At one time or another, everyone feels depressed or upset. When symptoms of distress are persistent over a long period of time or when they interfere with academic responsibilities and social relationships, it may be a cause for concern. Following is a list of signs and symptoms that may indicate that your friend needs help. Also see our Helping a Friend brochure.
Physical or Psychological Signs:
- Deterioration in physical presence or hygiene.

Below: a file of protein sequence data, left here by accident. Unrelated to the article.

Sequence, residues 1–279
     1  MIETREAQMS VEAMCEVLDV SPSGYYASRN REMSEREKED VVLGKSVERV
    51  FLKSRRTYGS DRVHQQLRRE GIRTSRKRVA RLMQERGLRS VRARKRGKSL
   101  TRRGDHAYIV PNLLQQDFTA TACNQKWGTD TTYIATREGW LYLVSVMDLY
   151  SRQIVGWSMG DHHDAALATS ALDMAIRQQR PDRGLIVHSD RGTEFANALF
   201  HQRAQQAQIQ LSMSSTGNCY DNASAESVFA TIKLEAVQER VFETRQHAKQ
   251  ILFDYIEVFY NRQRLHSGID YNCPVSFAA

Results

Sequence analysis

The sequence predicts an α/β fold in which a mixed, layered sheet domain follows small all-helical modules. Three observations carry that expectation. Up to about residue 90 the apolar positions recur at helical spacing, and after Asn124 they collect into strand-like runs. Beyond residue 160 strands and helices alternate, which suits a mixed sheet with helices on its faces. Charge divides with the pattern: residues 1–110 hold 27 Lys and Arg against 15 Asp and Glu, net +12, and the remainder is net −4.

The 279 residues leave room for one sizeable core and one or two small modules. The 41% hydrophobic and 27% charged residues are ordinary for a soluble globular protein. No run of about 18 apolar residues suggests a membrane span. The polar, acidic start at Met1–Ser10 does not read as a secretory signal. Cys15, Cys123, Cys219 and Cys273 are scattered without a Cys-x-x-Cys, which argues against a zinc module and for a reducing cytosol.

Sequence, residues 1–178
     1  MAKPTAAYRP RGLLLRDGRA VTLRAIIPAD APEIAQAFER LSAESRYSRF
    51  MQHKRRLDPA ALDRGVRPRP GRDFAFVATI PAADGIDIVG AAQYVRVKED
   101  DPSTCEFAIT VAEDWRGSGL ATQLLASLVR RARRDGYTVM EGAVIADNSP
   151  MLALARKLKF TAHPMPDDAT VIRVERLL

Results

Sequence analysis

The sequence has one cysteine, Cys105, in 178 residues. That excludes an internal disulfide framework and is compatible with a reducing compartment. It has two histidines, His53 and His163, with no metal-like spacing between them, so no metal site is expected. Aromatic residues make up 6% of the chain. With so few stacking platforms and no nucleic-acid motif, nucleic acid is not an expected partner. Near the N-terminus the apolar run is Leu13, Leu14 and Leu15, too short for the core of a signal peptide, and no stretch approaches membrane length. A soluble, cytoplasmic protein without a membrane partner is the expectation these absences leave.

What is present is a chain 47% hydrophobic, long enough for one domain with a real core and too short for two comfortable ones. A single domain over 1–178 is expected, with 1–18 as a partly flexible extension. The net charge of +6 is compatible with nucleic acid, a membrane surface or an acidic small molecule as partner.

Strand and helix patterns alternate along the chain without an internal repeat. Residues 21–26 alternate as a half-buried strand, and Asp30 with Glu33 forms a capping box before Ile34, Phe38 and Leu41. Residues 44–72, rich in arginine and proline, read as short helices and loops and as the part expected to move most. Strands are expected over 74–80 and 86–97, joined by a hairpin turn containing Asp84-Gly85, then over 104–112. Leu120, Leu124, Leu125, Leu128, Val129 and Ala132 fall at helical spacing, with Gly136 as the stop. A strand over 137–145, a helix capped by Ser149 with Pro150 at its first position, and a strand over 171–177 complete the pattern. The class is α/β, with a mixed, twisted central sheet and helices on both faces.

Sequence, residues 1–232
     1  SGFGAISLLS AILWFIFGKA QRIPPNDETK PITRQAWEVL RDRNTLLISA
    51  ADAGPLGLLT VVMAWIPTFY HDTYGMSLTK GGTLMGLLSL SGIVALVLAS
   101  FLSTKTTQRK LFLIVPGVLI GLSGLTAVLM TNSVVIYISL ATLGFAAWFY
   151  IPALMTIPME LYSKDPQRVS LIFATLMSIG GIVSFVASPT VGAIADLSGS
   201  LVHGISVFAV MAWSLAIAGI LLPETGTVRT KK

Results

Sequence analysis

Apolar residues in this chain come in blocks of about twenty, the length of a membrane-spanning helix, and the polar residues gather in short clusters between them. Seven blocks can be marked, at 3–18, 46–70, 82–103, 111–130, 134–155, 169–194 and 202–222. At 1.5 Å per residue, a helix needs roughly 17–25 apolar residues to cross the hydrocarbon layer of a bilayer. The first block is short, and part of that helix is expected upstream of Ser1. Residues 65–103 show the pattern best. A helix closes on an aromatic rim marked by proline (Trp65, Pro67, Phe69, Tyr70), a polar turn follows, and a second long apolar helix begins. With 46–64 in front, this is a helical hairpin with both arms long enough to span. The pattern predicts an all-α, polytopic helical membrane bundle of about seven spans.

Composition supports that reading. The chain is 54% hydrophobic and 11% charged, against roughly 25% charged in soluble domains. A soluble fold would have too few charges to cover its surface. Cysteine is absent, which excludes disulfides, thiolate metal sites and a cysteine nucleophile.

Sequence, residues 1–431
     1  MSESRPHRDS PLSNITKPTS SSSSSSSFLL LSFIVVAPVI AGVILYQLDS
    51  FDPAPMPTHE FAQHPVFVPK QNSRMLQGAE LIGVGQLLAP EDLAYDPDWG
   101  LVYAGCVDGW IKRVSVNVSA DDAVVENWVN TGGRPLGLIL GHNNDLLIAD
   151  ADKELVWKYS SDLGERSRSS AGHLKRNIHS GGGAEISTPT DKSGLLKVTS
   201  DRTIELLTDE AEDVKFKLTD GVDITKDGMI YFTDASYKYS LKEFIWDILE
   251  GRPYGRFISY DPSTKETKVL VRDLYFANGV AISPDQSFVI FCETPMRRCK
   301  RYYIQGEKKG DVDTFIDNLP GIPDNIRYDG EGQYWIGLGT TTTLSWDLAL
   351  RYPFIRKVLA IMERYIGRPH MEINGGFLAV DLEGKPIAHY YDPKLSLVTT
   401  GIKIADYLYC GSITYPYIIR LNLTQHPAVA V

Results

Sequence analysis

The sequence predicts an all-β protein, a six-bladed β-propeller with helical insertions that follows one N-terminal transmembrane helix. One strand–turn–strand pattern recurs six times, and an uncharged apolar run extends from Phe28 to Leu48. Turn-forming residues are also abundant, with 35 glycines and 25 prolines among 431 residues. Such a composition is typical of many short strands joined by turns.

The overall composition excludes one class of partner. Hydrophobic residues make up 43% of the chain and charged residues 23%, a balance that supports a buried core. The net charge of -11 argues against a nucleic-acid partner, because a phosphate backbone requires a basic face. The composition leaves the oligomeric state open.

- Excessive fatigue or sleep difficulties.
- Visible increase or decrease in weight.
- Exaggerated personality traits or behaviors (e.g. agitation, withdrawal, lack of apparent emotion).
- Excessive use of alcohol or other drugs.
- Unprovoked anger or hostility.
- Irritability, constant anxiety or tearfulness.
- Marked changes in concentration and motivation.
- Overtly suicidal thoughts, such as referring to suicide as a current option.
- Frequently missing classes.
Other Factors to Consider:
- Direct statements indicating family problems, personal losses such as death of a family member, or the break up of a relationship.
- Expressions of concern about a student by faculty or staff members.
- Written note or verbal statement that has a sense of hopelessness or finality.